SYNERGY and UPGRADING
Granted all of my talk about individual designers and designs, AMHERST AUDIO is more and more about system synergy. The search I have carried out over the past decade has been for the most natural and emotionally convincing sounding components but, increasingly, also, for the combination of components that expresses the most natural and whole sound.
Synergy outside of audio means the process whereby two or more substances work together to achieve an effect of which each is individually incapable. Its root means literally ‘working together:’ from son or syn and ergon. In audio, the term has come to mean something like energy or work moving in the same direction, toward the same ends. And presumably achieving them more effectively because of this shared effort. Some systems achieve satisfactory results by having components working against each other, by achieving some sort of balance of opposing forces, usually with the help of ‘corrective’ cabling. I have owned several and heard many of these systems; and as exciting as some of them have been, they lack the ease and confidence of systems whose components are all going in the same direction. Unanimity in preference to debate.
Most of the components I sell will, used wisely, sound quite good in many other systems. Gilbert Yeung’s tubed preamps, for example, are legendary for breathing musical life into systems with other people’s all-solid-state amps. I know for a fact that Reynauds perform well with Audiomat integrated tube amps, and even with Plinius and Bryston solid state separates. Audio Note front ends appear to be the sort of beginning that no system can foul up. And Audio Note cable is legendary for bringing peace on earth and good will wherever it goes. But. But if you were to assemble a system from these same components, with an eye to synergy rather than peace-keeping, I suspect you would emerge much happier.
For example, while one could mate Audio Note electronics with Reynaud speakers satisfactorily, it soon becomes apparent that whereas the Audio Note gear is working toward grace, eloquence, and refinement, the Reynaud speakers want to break out, kick up the dust. They feel unnaturally tamed, held back. You are hearing a workable marriage but not a particularly happy or peaceful one. Then you hook up a Gilbert Yeung or Crimson amp and everything changes: the Reynauds break free and commence to dance, and the whole room rocks joyfully. Even string quartets through a Yeung/Reynaud combination have a more robust quality that feels like a shared point of view about music rather than a compromise or decision by committee.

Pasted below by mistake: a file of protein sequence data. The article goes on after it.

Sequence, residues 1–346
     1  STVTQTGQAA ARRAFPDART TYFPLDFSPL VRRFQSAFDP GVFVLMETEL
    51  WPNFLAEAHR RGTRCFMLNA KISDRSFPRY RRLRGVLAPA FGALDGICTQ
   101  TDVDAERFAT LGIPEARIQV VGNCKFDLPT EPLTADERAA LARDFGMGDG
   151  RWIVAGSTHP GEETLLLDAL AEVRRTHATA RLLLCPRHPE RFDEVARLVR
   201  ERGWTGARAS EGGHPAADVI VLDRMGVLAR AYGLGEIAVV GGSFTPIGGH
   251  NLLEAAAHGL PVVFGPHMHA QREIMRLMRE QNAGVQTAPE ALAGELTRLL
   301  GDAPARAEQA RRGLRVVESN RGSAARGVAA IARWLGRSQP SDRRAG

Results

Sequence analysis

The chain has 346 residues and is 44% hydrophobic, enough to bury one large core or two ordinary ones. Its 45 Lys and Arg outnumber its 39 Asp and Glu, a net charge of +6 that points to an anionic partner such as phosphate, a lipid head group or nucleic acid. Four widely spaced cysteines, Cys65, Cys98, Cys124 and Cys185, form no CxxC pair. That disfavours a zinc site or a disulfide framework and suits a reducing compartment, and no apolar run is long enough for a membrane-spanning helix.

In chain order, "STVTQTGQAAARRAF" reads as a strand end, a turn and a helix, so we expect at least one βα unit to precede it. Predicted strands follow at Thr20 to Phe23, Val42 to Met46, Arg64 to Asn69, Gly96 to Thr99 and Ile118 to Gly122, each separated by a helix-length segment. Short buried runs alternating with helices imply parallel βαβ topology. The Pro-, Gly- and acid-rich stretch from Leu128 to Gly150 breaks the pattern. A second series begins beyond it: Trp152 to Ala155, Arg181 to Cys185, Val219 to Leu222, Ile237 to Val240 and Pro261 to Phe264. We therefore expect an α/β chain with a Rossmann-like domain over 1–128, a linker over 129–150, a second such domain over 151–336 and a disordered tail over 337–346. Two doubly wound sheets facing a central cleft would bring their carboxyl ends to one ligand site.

A comparable ‘situation’ arises when you (as I did) put a splendidly eloquent Audio Note M6 preamp on powerful, incisive Blue Circle AG8000 hybrid monoblock amps. Initially everything sounds terrific: we have both grace and power – all of that iron fist in the velvet glove baloney. And then, gradually, sure enough you can hear the dissension. The two components are working against each other, producing a dramatic but not a natural result. We have sonic not musical drama, an artificial construct. The initial excitement pales before an instinct to call in a referee. Some may prefer an Audio Note M6 preamp to a Blue Circle AG3000 preamp or vice versa, just as some prefer Apollo, some Dionysus. But making the god dance with the faun does not enable either to perform to its advantage.
Audio synergy is achieved when a system is made up of components informed by the same view of what reproduced music ought to sound like, components that are the result of the same design philosophy, such that neither iron nor velvet is required. The supreme example of this phenomenon in my experience is Audio Note, primarily because the same design team controls every link in the audio chain. Every component, beginning with both analogue and digital front ends, through cabling to electronics, and on to the speakers flows from a single approach to musical reproduction. The approach or philosophy if you prefer, is a belief that the simplicity and purity of the signal path so as to maintain the integrity of the information, is the best route to whole musical truth. The DAC’s do not alter the signal they receive: neither do they up-sample nor filter. The turntables use several strong motors driving light platters because heavy platters store energy thereby restricting dynamic energy and clarity. The electronics are single-ended, run in Class A, use directly heated triodes, use tube rectifiers, and use no feedback – in a coordinated effort to keep the signal whole and unaltered. There is no wave reconstruction involved, as there is in push-pull designs. The speakers are two-ways with broad front baffles, which, the designer of the Snell speaker on which they are based discovered, offer the truest reinforcement of speaker output. Setting a modest-sized Audio Note two-way speaker in a corner, so that both the walls of the room and the speakers own front baffle naturally reinforce the bass, results in astonishingly deep and clear bass.